Of course, in retrospect, that was a horrible idea.

When things got hard or triggered something in me, I had to hide it. I rather pushed it down than caused trouble. I pushed myself to the breaking point when it came to organizing and being available to my co-players – just to prove that I was not broken. I did not cancel a single larp, but in the end, I played for my co-players, not for myself. I tried to make sure that they had fun but ended up having less fun myself.

On the other hand, I was adamant in advising my friends and co-larpers to do the opposite of what I was doing. I always encouraged them to be open with all their needs and health issues. I was the one who took people aside to sit down and have a chat. I was the one who offered a shoulder to cry on during larps.

Then something happened a couple of years ago. It was a standard larp with no hard themes — and played with trusted friends. I was responsible for a small group and all was well. Apart from that it was not. Around this time in life, I was struggling more than ever. I wanted to stay at home all the time and the only thing that pushed me to the larp was the knowledge that I had people relying on me.

There was a scene, some larp fight – and suddenly I blacked out with over ten minutes of which I have no memory of. People told me that I did a great scene with screaming and fighting, and that they were surprised over seeing me get that physical.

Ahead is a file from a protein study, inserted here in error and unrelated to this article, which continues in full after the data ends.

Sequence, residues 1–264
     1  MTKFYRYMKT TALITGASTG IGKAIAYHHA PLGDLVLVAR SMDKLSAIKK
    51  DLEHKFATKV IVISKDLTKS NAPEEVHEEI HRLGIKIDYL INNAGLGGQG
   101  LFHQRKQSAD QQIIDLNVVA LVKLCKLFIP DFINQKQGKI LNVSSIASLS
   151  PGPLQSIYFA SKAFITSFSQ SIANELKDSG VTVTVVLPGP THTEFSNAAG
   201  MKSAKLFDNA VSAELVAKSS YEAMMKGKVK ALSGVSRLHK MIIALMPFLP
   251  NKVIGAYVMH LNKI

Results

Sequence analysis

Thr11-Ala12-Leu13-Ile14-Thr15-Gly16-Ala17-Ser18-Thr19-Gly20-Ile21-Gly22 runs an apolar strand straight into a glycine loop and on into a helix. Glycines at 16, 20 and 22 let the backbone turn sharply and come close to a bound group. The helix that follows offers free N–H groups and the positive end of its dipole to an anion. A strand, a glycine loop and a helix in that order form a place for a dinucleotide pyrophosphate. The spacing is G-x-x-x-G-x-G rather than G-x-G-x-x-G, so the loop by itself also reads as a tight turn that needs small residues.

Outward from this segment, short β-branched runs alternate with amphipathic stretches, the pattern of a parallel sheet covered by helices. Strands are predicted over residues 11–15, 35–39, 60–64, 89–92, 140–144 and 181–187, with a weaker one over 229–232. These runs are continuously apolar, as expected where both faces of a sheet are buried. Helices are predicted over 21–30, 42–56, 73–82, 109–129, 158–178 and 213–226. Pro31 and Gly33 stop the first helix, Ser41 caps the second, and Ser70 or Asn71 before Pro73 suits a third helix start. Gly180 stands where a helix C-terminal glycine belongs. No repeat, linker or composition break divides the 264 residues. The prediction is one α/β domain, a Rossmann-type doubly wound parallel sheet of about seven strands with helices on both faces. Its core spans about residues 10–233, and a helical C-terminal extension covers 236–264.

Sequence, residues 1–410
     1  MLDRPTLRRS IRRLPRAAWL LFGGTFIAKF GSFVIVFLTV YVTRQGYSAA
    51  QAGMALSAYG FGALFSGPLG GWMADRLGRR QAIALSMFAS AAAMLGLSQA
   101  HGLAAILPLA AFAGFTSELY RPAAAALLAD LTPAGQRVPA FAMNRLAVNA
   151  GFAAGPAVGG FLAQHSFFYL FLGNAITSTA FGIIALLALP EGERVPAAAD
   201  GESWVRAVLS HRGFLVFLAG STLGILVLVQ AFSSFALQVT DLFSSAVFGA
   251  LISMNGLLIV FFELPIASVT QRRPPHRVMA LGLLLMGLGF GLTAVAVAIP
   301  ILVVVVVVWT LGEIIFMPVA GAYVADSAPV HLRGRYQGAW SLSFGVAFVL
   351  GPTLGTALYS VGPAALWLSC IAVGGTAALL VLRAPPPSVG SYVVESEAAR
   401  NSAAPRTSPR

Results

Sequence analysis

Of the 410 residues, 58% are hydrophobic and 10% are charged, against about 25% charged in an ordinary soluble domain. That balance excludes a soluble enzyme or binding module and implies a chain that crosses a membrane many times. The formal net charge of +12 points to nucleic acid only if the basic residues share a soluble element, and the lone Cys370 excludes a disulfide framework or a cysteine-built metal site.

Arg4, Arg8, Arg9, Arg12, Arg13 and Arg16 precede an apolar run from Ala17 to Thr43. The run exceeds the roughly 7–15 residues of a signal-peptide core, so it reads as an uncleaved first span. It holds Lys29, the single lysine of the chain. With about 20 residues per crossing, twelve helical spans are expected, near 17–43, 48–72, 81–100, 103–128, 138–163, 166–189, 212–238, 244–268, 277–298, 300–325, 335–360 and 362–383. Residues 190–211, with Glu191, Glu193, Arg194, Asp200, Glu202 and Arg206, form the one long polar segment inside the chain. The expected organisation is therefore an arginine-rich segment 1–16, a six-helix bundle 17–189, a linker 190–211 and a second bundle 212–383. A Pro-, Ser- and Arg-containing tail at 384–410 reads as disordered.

I have no memory of this. The next thing I remember is sitting in the darkness by a lake and silently crying my eyes out. I felt so ashamed and broken. Most of all, I did not know how to handle this or how to reach out to friends. So I cried a bit more and then went back into the tent and took care of my group.

The big change came only recently. I had gotten used to hiding how I felt at larps or conferences and just faking it all the way. Always smiling, always acting like I did not care, doing my best to be the steady port for others.

I thought I had a great system for handling myself in the larp community. And then came a larp when it just did not work anymore. I had, again, the responsibility for a small group. I should have been able to keep it together, so I just ignored the feeling of terror. But for the first time, I could not push myself anymore.

I contacted my group. I told them that I had limited energy and told them to make sure to steer their larp away from relying on only me. I told them that I would need breaks but that I could handle it.

Then I contacted the organizers. I told them everything. On how I was at my limit but that I really wanted to give the larp a try. I told them what could be done, both for me and my group. They were wonderful in assuring that things were ok and that I was welcome with limited energy and all my brokenness.

The larp was a bit of a blur. I was really tired and had to rest a lot. I cried off-game in an organizer’s arms. I was sitting and resting on a friend’s lap and had her pat my hair until I could breathe again. But I had the energy to give my everything and to feel into myself. I created magic for my co-larpers and for myself. And for the first time in years I felt I was larping for myself.